BP used a shifty accounting trick to cut their tax bill by $10 billion, a legal but questionable move for the oil barrens. As outraged citizens speak up, congress may get involved.The release of BP's earning statement revealed a $10 billion reduction in tax liability for their oil-spill clean-up expenses. People want to know- how and why is this legal? Here's the rub:
- Questionable or not, the huge reduction in tax liability for BP is a standard business expense deduction
-Businesses can claim refunds for previously paid taxes when a net operating loss (NOL) to offset future tax liabilities (In other words, they can claim the damages as a tax-exempt loss)
- These business expense deductions and NOLs supposedly enhance economic efficient by reducing business-cycle-induced fluctuations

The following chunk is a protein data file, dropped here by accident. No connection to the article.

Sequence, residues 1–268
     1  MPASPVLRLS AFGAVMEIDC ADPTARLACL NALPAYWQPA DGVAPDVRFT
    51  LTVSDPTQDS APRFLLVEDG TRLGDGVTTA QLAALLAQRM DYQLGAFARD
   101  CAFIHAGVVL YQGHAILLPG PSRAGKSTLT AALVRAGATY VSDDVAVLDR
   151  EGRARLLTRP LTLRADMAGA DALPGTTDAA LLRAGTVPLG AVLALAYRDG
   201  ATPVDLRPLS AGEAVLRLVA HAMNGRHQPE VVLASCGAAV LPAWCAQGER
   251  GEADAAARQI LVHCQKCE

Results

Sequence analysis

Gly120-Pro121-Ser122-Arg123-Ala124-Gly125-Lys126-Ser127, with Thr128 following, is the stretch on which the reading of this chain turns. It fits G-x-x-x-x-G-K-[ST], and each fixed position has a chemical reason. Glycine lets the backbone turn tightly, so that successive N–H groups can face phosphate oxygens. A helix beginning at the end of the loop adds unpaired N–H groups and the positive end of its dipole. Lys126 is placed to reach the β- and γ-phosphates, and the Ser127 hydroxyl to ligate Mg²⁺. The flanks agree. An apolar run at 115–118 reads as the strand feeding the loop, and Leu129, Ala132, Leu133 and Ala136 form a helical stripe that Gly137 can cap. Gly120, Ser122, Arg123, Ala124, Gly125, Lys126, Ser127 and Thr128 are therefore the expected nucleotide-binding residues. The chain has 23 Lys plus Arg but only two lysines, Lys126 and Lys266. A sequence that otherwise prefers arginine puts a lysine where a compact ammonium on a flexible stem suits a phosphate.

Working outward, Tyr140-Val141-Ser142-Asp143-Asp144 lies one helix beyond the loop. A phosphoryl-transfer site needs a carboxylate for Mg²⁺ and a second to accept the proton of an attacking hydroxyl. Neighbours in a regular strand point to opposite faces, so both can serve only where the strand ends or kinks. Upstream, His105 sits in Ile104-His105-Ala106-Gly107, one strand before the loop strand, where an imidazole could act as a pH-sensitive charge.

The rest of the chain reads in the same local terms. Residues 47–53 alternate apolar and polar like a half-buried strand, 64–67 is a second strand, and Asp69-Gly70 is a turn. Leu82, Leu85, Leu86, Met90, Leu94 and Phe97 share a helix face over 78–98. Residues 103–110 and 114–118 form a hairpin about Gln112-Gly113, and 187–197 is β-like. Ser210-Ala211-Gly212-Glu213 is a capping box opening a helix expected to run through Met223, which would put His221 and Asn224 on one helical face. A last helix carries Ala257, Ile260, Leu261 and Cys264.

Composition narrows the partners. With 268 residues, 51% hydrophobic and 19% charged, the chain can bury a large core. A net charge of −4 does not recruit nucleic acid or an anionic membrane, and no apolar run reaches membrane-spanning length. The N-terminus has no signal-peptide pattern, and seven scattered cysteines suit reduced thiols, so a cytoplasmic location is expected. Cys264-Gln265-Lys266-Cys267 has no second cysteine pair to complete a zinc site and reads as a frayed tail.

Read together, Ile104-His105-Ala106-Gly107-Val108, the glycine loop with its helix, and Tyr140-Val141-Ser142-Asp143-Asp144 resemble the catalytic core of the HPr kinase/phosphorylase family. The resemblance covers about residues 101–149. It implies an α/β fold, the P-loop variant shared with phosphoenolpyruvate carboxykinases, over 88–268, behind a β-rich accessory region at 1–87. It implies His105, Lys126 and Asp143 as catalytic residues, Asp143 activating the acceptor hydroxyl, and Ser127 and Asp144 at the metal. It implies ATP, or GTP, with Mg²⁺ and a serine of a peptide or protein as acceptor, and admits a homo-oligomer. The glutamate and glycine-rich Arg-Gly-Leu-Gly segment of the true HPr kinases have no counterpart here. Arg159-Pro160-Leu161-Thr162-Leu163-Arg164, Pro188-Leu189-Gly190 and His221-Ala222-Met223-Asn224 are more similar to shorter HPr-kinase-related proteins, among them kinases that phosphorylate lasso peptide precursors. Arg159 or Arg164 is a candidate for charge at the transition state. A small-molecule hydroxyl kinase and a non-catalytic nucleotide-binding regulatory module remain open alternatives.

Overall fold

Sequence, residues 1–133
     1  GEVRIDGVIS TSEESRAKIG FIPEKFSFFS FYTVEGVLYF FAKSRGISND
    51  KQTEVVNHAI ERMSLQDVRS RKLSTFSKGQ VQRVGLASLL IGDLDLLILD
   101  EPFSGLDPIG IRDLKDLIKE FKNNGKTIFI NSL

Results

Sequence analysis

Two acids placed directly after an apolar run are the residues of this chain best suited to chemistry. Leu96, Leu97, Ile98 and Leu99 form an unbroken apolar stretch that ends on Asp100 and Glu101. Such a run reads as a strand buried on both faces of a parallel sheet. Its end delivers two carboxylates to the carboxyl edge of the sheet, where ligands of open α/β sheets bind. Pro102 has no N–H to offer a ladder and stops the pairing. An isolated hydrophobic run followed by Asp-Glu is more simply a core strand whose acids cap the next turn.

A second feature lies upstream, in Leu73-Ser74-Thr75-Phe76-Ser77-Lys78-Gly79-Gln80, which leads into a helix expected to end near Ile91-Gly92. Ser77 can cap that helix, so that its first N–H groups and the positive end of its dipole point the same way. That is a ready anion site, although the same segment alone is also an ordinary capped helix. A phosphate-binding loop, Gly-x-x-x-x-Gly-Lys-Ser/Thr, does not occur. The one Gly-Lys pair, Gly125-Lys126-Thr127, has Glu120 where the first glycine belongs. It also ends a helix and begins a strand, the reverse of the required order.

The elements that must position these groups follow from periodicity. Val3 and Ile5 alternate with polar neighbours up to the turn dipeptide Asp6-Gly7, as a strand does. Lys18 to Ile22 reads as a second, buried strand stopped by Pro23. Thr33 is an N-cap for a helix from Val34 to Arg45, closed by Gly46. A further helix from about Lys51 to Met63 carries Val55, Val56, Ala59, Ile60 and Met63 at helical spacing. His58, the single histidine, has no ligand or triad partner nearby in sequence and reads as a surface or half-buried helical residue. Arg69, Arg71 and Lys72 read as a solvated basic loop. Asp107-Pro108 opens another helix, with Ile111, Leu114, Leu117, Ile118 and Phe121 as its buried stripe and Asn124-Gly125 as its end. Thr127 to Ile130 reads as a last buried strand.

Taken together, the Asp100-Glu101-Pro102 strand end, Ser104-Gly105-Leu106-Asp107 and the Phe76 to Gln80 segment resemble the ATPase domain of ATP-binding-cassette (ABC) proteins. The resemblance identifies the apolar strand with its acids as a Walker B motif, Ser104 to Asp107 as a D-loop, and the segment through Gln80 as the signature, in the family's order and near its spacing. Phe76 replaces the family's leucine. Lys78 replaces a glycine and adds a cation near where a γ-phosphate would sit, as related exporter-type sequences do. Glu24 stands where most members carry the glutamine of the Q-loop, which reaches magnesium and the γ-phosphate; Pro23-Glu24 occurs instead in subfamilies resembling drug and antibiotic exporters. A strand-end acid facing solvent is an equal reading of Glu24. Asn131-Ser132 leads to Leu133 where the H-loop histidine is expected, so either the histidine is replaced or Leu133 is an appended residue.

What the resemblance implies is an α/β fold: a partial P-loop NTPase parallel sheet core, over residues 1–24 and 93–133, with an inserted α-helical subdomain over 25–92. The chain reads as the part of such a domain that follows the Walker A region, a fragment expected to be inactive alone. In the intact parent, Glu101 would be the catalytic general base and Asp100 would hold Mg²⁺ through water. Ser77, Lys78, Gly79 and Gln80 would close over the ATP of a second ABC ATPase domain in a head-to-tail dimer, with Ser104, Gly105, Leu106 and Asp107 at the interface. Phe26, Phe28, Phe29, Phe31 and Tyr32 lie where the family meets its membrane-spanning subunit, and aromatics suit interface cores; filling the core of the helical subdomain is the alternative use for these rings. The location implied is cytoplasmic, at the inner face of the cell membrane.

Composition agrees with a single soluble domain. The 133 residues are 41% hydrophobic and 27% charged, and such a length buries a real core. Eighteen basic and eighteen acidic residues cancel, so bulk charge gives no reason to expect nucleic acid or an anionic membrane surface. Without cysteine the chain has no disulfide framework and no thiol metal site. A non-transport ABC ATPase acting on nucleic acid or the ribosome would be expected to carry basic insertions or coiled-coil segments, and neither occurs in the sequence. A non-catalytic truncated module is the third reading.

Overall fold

The lofty $10 billion sum appears on the earning statement as a "tax credit", but it's not a tax credit in the traditional sense. The $10 billion amount reflects a reduction in tax liability on the $32 billion BP is estimated to pay in cleanup costs over several years.
If it's any consolation, BP can't claim the penalties they'll pay as tax deductions. But this tax move raises important questions. Do we need to change the tax code? Find a better way to determine what qualifies as a true business loss? Speak up, what do you think? Because I'm with all of you when I say I don't want to foot the bill for BP's offenses.